Thursday, April 7, 2011

Music feature: Steep Canyon Rangers reach new bluegrass fans, with Martin's help

From left:‭ ‬Mike Guggino,‭ ‬Graham Sharp,‭ ‬Woody Platt,‭
‬Nicky Sanders and Charles Humphrey III of Steep Canyon Rangers.

By Bill Meredith

Most bands don't become successful overnight,‭ ‬especially in a niche musical sub-genre like bluegrass.

Take the Steep Canyon Rangers,‭ ‬for example,‭ ‬the quintet of guitarist Woody Platt,‭ ‬mandolinist Mike Guggino,‭ ‬banjo player Graham Sharp,‭ ‬violinist Nicky Sanders and bassist Charles Humphrey III that formed‭ ‬10‭ ‬years‭ ‬ago in Asheville,‭ ‬N.C.

After five years of touring and‭ ‬recording,‭ ‬the group was named‭ ‬Emerging Artist of the‭ ‬Year at the‭ ‬2006‭ ‬International Bluegrass Music Association awards in Nashville.‭ ‬The Rangers were then nominated for two IBMA awards in‭ ‬2008,‭ ‬continuing their slow upward arc.

But then a wild and crazy thing happened in‭ ‬2009‭ ‬to spike their ascent into the bluegrass stratosphere‭ ‬--‭ ‬some of the latest results of which include appearing on‭ ‬The Late Show With David Letterman,‭ ‬The Colbert Report‭ ‬and‭ ‬The View‭ ‬last month.‭ ‬That would be the Rangers‭’‬ guest sixth member,‭ ‬banjo player Steve Martin.

Yes,‭ ‬that Steve Martin,‭ ‬the zany‭ ‬1970s comedian who‭’‬s risen to movie stardom and become an accomplished screenwriter and author.‭ ‬Martin was displaying his accomplished claw-hammer banjo technique in slapstick sketches‭ ‬35‭ ‬years ago,‭ ‬but didn't add a serious musical release to his string of hit comedy albums until the‭ ‬2009‭ ‬CD‭ ‬The Crow:‭ ‬New Songs for the Five-String Banjo.‭ ‬The disc featured guest singers Dolly Parton and Vince Gill,‭ ‬dobro master Jerry Douglas,‭ ‬and Martin‭’‬s musical idol,‭ ‬banjo‭ ‬icon Earl Scruggs.

Such guest stars,‭ ‬Martin‭’‬s celebrity,‭ ‬and his estimable talents as both a‭ ‬musician and composer helped‭ ‬The Crow sell surprisingly well,‭ ‬and even win a‭ ‬2010‭ ‬Grammy Award.‭ ‬But when the rare bluegrass star decided to tour and needed a band,‭ ‬the hands of fate involved the Steep Canyon Rangers in ways that even Martin couldn‭’‬t have scripted.

‭“‬Steve got married a few years ago to Anne Stringfield,‭”‬ says Guggino,‭ ‬“who's a writer for‭ ‬‘The New Yorker.‭’‬ We knew her before they were‭ ‬even dating,‭ ‬since she‭’‬d been friends with Woody‭’‬s older brother and vacationed near Brevard‭ [‬North Carolina‭]‬,‭ ‬where Woody and I live.‭ ‬She lived in New York City,‭ ‬so she‭’‬d come to our shows there,‭ ‬and we even stayed at her place a couple times.‭ ‬Anne brought Steve to a dinner party in North Carolina shortly after he'd done‭ ‬‘The Crow‭’‬ and introduced us so we could all do some picking together.‭”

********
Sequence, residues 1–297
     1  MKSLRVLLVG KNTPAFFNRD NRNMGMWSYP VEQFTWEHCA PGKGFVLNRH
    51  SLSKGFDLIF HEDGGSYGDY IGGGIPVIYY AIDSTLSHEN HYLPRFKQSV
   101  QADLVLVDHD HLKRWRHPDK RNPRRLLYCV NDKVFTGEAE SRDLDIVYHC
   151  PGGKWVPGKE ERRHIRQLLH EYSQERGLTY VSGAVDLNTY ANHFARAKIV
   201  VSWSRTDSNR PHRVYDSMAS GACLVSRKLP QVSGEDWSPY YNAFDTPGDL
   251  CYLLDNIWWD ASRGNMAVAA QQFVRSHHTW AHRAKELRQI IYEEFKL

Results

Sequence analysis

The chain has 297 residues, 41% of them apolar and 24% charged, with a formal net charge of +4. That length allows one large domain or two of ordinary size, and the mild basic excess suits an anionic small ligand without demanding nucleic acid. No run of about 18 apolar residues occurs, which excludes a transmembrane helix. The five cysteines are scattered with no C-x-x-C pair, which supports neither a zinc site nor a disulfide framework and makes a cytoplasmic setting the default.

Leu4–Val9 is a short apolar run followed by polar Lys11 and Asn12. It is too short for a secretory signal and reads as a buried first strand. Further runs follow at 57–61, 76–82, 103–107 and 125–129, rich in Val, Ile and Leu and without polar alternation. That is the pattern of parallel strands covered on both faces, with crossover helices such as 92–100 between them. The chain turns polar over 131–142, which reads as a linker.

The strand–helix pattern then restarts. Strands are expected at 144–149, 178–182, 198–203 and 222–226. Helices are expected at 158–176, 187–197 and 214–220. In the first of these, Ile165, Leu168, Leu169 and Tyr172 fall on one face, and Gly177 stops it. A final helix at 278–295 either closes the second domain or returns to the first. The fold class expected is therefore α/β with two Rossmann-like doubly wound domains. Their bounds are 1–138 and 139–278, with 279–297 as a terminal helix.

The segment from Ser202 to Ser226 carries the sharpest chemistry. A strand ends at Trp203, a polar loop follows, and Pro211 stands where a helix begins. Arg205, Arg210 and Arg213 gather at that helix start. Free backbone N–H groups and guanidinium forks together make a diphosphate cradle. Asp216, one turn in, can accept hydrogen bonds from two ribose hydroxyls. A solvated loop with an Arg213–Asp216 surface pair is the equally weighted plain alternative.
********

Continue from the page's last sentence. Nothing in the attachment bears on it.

Which would‭’‬ve been a nice story even if it ended there,‭ ‬since all five band members were fans of Martin‭’‬s multi-faceted work.‭ ‬But all six musicians also sensed a chemistry.

‭“‬We hit it off,‭”‬ Guggino says,‭ ‬“and invited him to play with us at our next show in New York City shortly thereafter.‭ ‬We made sure we‭’‬d learned his songs really well,‭ ‬since we had the feeling that it might be an informal audition.‭ ‬Steve said he really liked the way the music sounded,‭ ‬and it turned out to be a very cool case of timing for us,‭ ‬because we‭’‬ve been playing with him ever since.‭”

Or as Martin‭ ‬put it in a‭ ‬news release:‭ ‬“Serendipity has made a better match than any bluegrass computer dating service,‭”‬ proving that his wry sense of humor is still sharp at the silver-haired age of‭ ‬65.

“We did a few smaller shows with him at first,‭”‬ Guggino says.‭ ‬“He came to North Carolina that September to play the Mountain Song Festival,‭ ‬which we host every year in Brevard.‭ ‬But I think the first official concert we did with him was at Carnegie Hall.‭”